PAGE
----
The best way to keep your Leopardina happy and strong is by providing it with a soil mix that is porous but doesn’t hold too much moisture.
Soggy, waterlogged soil can cause issues for many plants, Calathea’s included, which is why a nutrient-rich soil that is well-draining is key.
Recommended Soil Mixture
You can choose from a variety of potting soil mixtures for this variety.
When I was looking for cheaper alternatives, I also used Miracle Gro’s potting mix and amended it with perlite for drainage and orchid bark for chunkiness.
If you’re more ambitious, you can mix your own soil.
A DIY Soil Recipe for Calatheas
- 50% potting soil (or coco coir)
- 20% orchid bark
- 20% activated charcoal
- 10% perlite
The Calathea Freddie, or Leopardina, can be somewhat tricky when it comes to maintaining a watering schedule.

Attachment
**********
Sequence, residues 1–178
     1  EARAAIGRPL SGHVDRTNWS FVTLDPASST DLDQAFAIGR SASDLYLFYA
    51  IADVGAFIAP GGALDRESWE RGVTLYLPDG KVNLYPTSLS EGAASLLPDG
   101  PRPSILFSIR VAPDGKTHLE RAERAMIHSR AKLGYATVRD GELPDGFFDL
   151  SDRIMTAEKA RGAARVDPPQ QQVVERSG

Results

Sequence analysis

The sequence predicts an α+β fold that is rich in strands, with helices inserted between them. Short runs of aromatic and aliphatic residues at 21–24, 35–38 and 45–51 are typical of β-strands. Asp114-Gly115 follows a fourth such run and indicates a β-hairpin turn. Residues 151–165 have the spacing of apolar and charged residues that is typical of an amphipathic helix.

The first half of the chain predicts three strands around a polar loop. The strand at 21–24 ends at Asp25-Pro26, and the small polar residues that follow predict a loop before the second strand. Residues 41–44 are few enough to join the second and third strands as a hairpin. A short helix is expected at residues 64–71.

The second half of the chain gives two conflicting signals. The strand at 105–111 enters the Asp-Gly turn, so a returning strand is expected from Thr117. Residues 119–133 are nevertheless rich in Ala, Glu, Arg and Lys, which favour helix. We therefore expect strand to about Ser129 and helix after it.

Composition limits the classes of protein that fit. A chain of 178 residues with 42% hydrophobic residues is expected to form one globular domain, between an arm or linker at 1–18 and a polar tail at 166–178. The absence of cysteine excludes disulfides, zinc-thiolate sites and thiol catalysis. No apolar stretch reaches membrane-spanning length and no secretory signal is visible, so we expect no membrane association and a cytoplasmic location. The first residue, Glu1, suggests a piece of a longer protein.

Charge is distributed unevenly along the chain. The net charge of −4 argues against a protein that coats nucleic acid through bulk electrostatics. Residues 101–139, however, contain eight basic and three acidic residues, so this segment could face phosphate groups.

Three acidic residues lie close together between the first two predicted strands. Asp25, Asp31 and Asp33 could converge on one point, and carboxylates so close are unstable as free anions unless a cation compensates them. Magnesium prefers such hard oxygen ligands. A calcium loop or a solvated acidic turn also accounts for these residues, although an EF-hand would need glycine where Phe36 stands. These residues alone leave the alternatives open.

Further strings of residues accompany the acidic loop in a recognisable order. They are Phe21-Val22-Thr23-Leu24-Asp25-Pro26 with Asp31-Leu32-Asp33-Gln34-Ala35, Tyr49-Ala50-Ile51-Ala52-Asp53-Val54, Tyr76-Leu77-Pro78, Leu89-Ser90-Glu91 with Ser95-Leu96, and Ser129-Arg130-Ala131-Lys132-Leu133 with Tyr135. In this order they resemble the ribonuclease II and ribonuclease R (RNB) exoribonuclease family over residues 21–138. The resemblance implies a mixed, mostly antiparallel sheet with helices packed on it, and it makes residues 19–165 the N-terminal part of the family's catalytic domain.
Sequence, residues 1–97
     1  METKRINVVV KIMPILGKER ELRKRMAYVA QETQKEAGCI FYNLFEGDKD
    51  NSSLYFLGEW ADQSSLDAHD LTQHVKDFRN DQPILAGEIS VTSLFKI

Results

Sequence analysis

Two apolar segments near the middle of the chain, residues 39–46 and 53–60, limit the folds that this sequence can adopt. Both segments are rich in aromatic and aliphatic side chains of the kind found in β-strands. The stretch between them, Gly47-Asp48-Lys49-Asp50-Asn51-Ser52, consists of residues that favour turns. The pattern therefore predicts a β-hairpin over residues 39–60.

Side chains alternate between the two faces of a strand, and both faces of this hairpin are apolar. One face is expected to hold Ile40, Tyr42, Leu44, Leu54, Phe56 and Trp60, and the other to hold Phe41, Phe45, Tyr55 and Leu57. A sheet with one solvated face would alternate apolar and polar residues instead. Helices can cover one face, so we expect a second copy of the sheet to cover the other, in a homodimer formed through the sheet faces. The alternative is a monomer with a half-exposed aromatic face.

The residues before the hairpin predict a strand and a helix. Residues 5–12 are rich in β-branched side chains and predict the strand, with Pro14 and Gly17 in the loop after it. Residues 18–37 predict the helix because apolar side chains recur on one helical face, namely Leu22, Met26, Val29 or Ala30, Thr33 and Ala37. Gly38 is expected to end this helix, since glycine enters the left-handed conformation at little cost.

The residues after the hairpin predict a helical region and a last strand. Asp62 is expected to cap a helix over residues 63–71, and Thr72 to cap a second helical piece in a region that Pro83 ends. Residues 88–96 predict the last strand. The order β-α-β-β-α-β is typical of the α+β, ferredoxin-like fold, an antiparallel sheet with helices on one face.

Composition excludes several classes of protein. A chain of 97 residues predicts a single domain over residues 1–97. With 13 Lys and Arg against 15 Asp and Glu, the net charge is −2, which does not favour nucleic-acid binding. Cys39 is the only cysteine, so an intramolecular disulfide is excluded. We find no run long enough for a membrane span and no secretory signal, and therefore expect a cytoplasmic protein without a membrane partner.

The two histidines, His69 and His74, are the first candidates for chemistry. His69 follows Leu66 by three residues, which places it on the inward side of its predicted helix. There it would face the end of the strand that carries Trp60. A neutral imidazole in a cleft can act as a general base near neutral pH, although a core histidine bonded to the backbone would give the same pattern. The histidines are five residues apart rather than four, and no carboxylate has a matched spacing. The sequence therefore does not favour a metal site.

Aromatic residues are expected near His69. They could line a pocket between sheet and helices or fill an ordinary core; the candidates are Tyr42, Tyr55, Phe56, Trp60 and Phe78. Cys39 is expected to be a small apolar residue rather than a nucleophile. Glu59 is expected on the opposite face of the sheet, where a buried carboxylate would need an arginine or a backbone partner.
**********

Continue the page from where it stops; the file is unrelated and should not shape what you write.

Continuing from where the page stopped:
How Much Water This Plant Likes
While they like their soil kept moist, they absolutely don’t like to be oversaturated with water either. Waterlogged soil can lead to bacterial leaf spot as well as dreaded root rot.
Rather than sticking to a strict once every 7-10 days schedule, I highly recommend learning to spot when your plant actually needs water.
How to Tell When your Plant Needs Water
- Drooping Leaves
- Top 1-2 inches of soil are dry to touch
- Yellowing or Browning Edges (though this can have other causes too!)
- Wrinkling or ruching of leaves
Trust me when I say, this variety will let you know when it’s not being watered properly!
To avoid overwatering, always check the moisture of your soil first. To check the moisture simply stick your finger in the soil about 2 inches deep – only water your plant when it’s dry!
A Quick Note on Drainage
One of the most critical parts of Calathea Leopardina care is ensuring your plant has plenty of drainage.